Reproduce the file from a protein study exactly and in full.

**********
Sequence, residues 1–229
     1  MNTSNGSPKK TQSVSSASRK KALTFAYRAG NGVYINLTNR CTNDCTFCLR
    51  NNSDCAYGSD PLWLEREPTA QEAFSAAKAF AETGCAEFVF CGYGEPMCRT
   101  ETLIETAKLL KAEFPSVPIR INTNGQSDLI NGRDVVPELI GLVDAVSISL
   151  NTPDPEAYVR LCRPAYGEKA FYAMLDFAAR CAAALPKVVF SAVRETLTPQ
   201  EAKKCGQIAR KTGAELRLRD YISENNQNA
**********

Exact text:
Sequence, residues 1–229
     1  MNTSNGSPKK TQSVSSASRK KALTFAYRAG NGVYINLTNR CTNDCTFCLR
    51  NNSDCAYGSD PLWLEREPTA QEAFSAAKAF AETGCAEFVF CGYGEPMCRT
   101  ETLIETAKLL KAEFPSVPIR INTNGQSDLI NGRDVVPELI GLVDAVSISL
   151  NTPDPEAYVR LCRPAYGEKA FYAMLDFAAR CAAALPKVVF SAVRETLTPQ
   201  EAKKCGQIAR KTGAELRLRD YISENNQNA